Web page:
Sunday, December 18, 2011

The Groove Book Review: Scrim The Man with the Mike: William Renwick: Victoria University Press; $50.00

'Scrim' tells a cautionary tale of an immensely popular radio broadcaster who just couldn't resist any opportunity to taunt and tease his political masters, epecially Fraser and was finally sacked by them when they would not put up with him any more.
'Uncle Scrim', as the Reverend Colin Scrimgeour was known at the time, was one of our most notoriously innovative and popular citizens during the great depression. Whilst working with his Fellowship of the Friendly Road, he took any oppotunity to run black market style tactics accross theestablishment to get the needy food, jobs even shoes - what ever it took. And it was that Friendly Road that he based his radio station 1ZR, and brought radio evangelism to Aotearoa. His Sunday evening broadcasts offered comfort and hope to the tens of thousands of people who were impoverished and out of work during that harsh times. Through his kind words he encouraged them to believe that good times could come again.
From 1936, Scrim headed the first Labour government’s highly successful commercial broadcasting service. Yet he also courted much controversy for himself. Following Joseph Savage's death, he was innovative in finding ways to taunt Prime Minister Peter Fraser and Wilson, the minister of broadcasting and finaly years of skirmishs, the government finally axed him in 1943, and he went to Australia.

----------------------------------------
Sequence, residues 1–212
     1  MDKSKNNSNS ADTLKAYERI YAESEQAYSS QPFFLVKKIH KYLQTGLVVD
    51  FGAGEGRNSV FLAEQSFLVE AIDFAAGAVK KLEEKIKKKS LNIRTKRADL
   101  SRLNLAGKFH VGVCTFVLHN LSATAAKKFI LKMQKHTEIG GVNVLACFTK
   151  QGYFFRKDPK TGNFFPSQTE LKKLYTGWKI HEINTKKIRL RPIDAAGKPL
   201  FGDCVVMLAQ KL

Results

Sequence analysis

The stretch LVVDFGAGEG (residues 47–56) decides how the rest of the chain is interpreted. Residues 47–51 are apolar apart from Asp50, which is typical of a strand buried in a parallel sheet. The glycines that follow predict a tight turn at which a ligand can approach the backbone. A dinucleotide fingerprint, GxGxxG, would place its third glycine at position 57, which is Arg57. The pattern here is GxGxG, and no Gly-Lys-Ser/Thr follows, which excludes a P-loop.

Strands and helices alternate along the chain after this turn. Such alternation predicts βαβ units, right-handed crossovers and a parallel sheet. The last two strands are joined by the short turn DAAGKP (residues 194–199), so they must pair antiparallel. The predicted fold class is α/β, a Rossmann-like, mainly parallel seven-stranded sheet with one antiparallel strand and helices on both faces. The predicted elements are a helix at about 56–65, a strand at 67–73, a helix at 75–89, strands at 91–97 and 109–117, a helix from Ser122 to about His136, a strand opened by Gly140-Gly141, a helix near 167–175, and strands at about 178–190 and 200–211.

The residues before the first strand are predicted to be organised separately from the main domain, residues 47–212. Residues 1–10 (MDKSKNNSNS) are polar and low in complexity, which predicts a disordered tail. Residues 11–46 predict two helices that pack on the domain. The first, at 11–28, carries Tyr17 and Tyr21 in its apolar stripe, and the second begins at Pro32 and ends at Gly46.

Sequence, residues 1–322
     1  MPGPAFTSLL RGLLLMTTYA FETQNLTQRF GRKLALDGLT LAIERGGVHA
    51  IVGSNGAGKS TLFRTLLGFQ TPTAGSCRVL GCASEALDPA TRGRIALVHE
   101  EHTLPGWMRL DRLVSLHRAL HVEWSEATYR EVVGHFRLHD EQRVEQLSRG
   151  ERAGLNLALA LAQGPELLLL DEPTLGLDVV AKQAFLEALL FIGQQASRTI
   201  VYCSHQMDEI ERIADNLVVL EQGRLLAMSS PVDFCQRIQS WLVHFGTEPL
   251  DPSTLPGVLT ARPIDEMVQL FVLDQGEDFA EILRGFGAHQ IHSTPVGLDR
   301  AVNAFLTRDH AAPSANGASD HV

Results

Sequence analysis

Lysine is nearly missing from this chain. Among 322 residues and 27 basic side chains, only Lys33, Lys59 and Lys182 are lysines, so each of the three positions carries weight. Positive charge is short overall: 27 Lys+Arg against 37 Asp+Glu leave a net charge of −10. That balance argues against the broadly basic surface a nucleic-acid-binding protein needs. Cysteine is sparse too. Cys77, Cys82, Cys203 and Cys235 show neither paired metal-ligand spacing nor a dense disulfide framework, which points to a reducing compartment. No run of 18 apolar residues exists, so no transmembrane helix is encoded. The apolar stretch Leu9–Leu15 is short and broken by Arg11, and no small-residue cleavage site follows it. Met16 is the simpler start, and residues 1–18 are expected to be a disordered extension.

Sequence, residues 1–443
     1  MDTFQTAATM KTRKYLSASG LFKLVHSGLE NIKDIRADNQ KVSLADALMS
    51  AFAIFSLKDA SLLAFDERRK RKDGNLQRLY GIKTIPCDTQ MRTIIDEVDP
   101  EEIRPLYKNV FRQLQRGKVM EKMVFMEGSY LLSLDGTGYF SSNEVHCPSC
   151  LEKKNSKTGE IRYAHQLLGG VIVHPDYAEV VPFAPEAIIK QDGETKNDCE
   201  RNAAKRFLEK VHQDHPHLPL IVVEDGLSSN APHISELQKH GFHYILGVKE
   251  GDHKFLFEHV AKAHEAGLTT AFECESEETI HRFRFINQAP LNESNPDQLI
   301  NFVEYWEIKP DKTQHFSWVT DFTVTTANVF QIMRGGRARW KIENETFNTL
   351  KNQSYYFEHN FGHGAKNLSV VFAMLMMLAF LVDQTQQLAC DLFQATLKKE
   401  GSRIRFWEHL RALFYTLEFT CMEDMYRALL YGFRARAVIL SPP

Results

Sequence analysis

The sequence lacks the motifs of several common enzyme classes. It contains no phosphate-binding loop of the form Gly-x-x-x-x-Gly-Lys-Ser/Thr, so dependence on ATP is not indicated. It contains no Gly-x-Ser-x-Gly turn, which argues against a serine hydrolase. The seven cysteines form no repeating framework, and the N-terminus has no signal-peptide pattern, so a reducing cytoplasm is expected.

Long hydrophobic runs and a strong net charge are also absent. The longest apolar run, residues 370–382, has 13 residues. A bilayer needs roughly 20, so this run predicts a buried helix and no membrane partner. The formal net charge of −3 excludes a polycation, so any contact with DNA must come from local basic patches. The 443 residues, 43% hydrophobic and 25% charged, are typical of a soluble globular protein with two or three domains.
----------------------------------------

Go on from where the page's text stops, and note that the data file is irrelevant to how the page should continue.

But on returning to New Zealand in 1968, Scrim, who was a natural for the broadcasting game, set out to play a leading role in the country's fledging television industry. But that dream ended when series of heart attacks hit in 1971. It was then that he worked on his autobiography, of which only The Scrim–Lee Papers, written with John A. Lee, was published. "Scrim: The Man with the Mike" is a correction to that biography, which was highly embelished with facts and reminses that are not necessarily entirely true. Tebook reviews the life of a talented, yet uneducated and impulsive man who, despite his short comings was a man for his time - the country’s outstanding broadcaster, and assesses the myth he created for himself in some detail.
William Renwick is the perfeck reviewer for Scrim - with a distinguished career as a teacher and civil servant he's published papers and books on education, Treaty issues, and the 1940 centennial celebrations. His approach to this wor, "Scrim" is a lttle dry at times, and partially misses the fluidity of, say a journalist but from an academic work t is a piece of great writinf, covering all bases to a 'T' . If you are looking for the definitive work on the man, this could be vary well it.

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